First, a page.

Including his seven shutout innings Thursday night against the Mets, Duke has thrown a career-high 165 2/3 combined innings this season between Pittsburgh and Triple-A Indianapolis. Duke threw 160 1/3 innings in 2004, and most teams are typically reluctant to increase a young starter's workload by more than 25 innings from one season to the next.
"Just because that's the industry norm doesn't mean you have to take him to that 25 innings," said McClendon. "He may not be able to get to that 25 innings. Some guys may be able to go beyond that. I don't know what that answer is. We have to sit down and figure that out."
The Pirates will monitor Duke's pitch count perhaps even more so than his innings as the season progresses. Excluding his rain-shortened outing against the Marlins on July 27, Duke has averaged 106 1/2 pitches per start in the big leagues, including 103 on Thursday.
"With Duke, it has to do with innings, pitches, how he's feeling from a physical standpoint and his history of how he's been built up,' said McClendon.
"[Thursday] night gave me a good indication about the number of pitches. I have my feelings about his number of pitches in a game based on what I've seen in his last seven starts here."
It is unlikely that Duke will be shut down once he reaches a certain number of innings.
"Shutting him down would hopefully be the last option," said McClendon. "Cutting his innings and number of pitches would certainly work."
Duke has already reduced his between-start bullpen sessions from 49 to 35 pitches, and he's cut back on his weight training.
"I usually cut back a little at this time of the season," said Duke. "That's nothing out of the ordinary."
While Duke does not believe he is wearing down, he is prepared to take on a reduced workload if necessary.
"I feel good. I feel strong," said Duke. "Whatever they want me to do, I'll do it. Any way I can help."
Perez closer to return:
Perez, who has been on the disabled list since June 27 due to a broken big toe on his left foot, threw 54 pitches in a bullpen session Friday and participated in fielding drills.
"We wanted to make sure there was no soreness or stiffness there. He was fine," said pitching coach Spin Williams. "He was running around like crazy. So he feels good."
The southpaw reported feeling no pain in the foot two days after throwing a simulated game in New York.
Perez will throw four innings or 75 pitches the next time he takes the mound. Williams said Friday afternoon that the team would decide "in the next 24 hours" whether Perez will throw another simulated game or head out on a Minor League rehab assignment.
"Command is an issue and how fast we want to push him," said Williams. "Do we feel comfortable putting him out there with a four-inning, 75-pitch limit? If we don't feel comfortable sending him out as a starter at 75 pitches, then we'll have him throw another simulated game and send him out after that."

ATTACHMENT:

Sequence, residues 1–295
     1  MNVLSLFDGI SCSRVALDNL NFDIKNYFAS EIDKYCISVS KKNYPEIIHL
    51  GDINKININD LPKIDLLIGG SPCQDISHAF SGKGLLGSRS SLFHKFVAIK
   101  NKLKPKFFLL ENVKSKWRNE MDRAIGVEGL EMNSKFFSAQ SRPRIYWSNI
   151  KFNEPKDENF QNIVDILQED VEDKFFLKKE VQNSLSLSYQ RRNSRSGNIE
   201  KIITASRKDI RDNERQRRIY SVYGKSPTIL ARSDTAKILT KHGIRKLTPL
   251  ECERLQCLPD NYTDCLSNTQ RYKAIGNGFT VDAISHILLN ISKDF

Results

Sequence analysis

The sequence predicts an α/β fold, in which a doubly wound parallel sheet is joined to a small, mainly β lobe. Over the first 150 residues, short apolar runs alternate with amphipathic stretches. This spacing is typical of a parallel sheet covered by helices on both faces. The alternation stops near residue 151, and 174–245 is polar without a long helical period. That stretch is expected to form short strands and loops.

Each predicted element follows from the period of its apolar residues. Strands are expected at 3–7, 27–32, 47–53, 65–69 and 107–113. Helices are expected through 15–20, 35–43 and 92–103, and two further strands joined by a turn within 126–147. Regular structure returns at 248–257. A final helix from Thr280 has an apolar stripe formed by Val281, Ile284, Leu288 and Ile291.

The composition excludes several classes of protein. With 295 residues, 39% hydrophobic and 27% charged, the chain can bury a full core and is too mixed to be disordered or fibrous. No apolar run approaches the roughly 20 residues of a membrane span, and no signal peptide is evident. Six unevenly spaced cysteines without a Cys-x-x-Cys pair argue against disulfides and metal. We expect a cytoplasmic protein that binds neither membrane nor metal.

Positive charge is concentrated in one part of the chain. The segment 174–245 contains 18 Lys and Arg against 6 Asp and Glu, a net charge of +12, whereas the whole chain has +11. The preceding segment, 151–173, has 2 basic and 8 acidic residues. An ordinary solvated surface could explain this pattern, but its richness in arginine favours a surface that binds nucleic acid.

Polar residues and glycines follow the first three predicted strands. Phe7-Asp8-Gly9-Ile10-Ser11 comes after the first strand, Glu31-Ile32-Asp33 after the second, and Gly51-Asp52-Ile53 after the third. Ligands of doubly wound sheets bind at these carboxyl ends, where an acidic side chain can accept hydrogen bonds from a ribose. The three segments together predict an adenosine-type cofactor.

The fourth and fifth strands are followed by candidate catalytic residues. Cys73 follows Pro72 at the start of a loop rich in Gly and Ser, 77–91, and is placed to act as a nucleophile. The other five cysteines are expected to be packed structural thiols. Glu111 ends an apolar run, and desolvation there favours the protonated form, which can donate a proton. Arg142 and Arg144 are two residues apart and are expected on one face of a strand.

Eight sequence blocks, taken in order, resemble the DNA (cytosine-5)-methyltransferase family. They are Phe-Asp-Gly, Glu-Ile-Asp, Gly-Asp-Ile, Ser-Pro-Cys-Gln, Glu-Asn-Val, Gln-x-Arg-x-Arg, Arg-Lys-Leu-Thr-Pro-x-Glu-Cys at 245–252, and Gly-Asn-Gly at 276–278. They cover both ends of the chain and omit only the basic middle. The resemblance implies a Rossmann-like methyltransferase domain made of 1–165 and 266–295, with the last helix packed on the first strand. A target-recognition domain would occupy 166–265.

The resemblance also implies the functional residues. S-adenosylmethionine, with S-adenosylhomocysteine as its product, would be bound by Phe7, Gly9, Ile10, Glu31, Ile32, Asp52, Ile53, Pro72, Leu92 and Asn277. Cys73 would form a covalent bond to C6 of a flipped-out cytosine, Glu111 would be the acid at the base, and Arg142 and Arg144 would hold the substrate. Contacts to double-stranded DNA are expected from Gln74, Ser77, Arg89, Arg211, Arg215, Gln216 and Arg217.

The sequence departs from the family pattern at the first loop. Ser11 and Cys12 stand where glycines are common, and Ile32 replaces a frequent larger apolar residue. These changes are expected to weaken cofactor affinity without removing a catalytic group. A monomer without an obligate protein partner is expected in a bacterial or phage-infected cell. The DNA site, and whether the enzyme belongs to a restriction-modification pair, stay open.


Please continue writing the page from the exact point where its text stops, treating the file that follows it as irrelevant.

If Perez is sent to the Minor Leagues, he'll start either with Double-A Altoona on Monday or with Triple-A Indianapolis on Tuesday. Indianapolis is off Monday.
"Everything is good," said Perez. "I feel ready. I just have to wait until they tell me when."
Perez will likely increase his workload to five innings or 90 pitches during a second rehab start before returning to the big league rotation in early September.
Perez probably won't be the only familiar name to return to the Pirates when rosters expand in September.
With the Pirates struggling to find a healthy player to put at third base in recent days, Ty Wigginton and Bobby Hill are strong candidates to return to the big leagues. Pitchers Ian Snell and Mark Corey would help give the team additional depth in the bullpen.
Third baseman Jose Bautista, who spent the entire 2004 season in the big leagues as a Rule 5 Draft pick, is batting .278 with 21 home runs and 82 RBIs at Altoona. Right-hander Bryan Bullington, the top overall pick in the 2002 First-Year Player Draft, has had a strong second half with Indianapolis. Catcher Ronny Paulino has batted .336 with 12 home runs and 37 RBIs in 63 games since being promoted to Indianapolis.
As of Friday, McClendon was not yet willing to divulge who the team is considering for September promotions.
"The only thing that goes into my decision is whether or not he can help me win a ballgame," said McClendon.
Veteran reliever Rick White, who has played for eight big league teams since breaking in with the Pirates in 1994, made his 500th career appearance Thursday against the Mets.
"It's been a long road, that's for sure. It's been a lot of fun with a lot of ups and downs," said White. "It's cool to be able to get my first one and my 500th with the Pirates."
White, 36, isn't ready to hang up his cleats any time soon.
"Hopefully I can shoot for 750 now," said White. "But I don't think I can get 1,000."
The Pirates and Phillies will continue their three-game set Saturday night at Citizens Bank Park. Southpaw Mark Redman (5-13, 4.77 ERA) will take the hill for the Bucs against Philly right-hander Brett Myers (10-6, 3.62 ERA).